Three other people from the same car escaped with severe burns. Hundreds of people were evacuated from homes near the explosion.
Eighteen tank cars, all filled with ethanol, or ethyl alcohol, derailed Friday on the edge of Rockford, about 80 miles northwest of Chicago.
The wreckage burned through the night, but the fire was dying down Saturday afternoon as federal investigators began collecting evidence.
National Transportation Safety Board spokesman Robert Sumwalt said investigators wouldn't speculate about what may have caused the derailment. A thorough investigation could take a year, he said.
Investigators will look into the train crew's performance, the train's mechanical components, signals, the integrity of the cars containing ethanol and the emergency response, Sumwalt said.
Rain possible cause
Reports that the derailment was caused by a washout of the tracks following heavy rain were "not a certainty and this remains under investigation," said Canadian National Railway Company spokesman Patrick Waldron.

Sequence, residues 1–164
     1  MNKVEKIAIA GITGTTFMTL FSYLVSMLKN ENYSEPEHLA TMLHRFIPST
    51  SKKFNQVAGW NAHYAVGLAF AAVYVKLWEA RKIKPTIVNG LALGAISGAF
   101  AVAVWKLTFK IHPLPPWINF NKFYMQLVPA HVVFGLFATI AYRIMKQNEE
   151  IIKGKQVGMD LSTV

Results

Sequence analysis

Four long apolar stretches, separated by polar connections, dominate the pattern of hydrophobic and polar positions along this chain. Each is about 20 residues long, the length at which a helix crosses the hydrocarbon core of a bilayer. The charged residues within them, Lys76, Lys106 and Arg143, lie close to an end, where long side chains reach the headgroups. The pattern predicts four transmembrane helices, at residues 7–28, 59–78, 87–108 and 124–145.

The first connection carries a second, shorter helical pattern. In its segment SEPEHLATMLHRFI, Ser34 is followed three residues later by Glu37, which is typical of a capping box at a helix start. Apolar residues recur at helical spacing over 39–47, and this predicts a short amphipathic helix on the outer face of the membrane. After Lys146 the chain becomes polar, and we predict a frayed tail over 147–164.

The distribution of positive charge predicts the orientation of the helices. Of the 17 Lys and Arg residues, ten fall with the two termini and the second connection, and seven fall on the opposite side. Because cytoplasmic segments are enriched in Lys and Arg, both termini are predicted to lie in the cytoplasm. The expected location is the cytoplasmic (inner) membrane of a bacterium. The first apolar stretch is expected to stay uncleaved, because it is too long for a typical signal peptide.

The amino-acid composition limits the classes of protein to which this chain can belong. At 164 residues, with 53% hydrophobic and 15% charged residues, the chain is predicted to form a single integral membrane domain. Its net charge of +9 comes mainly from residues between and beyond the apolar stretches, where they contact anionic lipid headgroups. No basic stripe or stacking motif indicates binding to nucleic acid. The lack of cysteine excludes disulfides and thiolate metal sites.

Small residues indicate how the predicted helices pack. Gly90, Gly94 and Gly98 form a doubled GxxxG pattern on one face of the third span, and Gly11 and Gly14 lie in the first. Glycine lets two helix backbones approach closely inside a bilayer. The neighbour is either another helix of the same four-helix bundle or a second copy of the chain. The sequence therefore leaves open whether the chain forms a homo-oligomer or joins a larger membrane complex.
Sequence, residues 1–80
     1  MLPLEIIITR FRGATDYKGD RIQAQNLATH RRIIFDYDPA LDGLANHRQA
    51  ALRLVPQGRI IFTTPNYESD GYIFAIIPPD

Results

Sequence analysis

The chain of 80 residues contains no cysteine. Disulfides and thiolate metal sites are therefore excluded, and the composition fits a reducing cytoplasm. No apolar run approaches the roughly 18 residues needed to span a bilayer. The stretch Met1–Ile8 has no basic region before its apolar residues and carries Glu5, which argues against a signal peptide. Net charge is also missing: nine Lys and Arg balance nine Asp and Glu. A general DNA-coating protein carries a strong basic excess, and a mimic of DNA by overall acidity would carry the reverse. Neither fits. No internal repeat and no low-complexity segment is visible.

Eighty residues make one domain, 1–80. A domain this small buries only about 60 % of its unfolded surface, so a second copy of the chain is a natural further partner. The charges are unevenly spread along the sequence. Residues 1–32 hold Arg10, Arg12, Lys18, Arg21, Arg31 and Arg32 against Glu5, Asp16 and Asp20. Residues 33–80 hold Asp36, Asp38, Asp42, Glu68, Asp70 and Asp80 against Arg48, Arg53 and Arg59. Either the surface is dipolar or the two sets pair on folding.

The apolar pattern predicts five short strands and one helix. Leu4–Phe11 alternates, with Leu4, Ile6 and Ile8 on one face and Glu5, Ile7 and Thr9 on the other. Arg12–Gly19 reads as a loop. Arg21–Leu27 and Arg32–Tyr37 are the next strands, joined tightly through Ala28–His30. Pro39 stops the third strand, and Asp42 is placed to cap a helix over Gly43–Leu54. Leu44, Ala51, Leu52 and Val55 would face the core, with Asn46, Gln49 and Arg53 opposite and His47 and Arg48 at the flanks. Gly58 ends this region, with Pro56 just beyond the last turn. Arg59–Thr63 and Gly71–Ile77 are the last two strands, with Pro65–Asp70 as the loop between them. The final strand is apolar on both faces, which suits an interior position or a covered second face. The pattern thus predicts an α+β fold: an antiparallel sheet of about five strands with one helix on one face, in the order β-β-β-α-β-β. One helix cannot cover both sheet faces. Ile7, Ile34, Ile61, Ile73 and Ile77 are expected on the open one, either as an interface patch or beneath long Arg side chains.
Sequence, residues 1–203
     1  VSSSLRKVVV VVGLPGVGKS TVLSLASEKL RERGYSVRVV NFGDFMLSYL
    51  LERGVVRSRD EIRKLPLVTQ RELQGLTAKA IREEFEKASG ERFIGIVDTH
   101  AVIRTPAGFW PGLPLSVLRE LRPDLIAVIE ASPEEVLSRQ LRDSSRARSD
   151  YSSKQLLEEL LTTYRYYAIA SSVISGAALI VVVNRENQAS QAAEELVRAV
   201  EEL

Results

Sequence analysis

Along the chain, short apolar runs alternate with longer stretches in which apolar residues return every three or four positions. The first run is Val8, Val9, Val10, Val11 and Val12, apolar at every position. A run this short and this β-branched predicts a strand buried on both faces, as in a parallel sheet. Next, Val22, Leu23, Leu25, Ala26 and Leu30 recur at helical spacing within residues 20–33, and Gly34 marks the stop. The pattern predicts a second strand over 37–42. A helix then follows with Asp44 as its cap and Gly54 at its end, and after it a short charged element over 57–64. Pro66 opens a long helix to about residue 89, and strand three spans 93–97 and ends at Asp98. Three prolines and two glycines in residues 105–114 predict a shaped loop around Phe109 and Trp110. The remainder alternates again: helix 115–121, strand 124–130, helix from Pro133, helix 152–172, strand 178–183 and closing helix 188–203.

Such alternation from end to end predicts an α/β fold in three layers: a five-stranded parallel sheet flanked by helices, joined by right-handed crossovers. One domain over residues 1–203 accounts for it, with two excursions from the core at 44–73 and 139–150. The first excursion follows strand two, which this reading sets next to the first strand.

The woman who was killed -- Zoila Tellez, 41, of Rockford -- had escaped from the stopped automobile, but she managed to get only 20 feet away before she fell and died, said Winnebago County Coroner Sue Fiduccia. Tellez' body was found face down on the ground.
Three people with the woman also ran from the car when it was bombarded with flying railroad ties and they were severely burned by flaming ethanol, said Rockford fire chief Derek Bergsten. They were taken to OSF Saint Anthony Medical Center in serious to critical condition, and one was transferred to Stroger Hospital in Chicago, he said.
Officials evacuated about 600 homes in the area on the edge of Rockford, about 80 miles northwest of Chicago, Friday night amid concerns about air pollution.
Some people were allowed to return to their homes Saturday, but authorities were not letting anyone within a quarter-mile of the derailment site, said Cherry Valley Fire Protection District battalion chief Allen Geeser.
Two crewmen on the eastbound Canadian National train escaped injury, Waldron said. The engine crew was able to pull 64 cars away from the fire.
At least 26 fire departments had sent crews to the scene.
Witnesses told the Rockford Register-Star that cars on the Chicago-bound train began hydroplaning in standing water as it approached the crossing.
Parts of northern Illinois may have gotten as much as 4 inches of rain Friday, said meteorologist Gino Izzi of the National Weather Service. Chicago's O'Hare International Airport measured 3.6 inches, a record for the date, he said.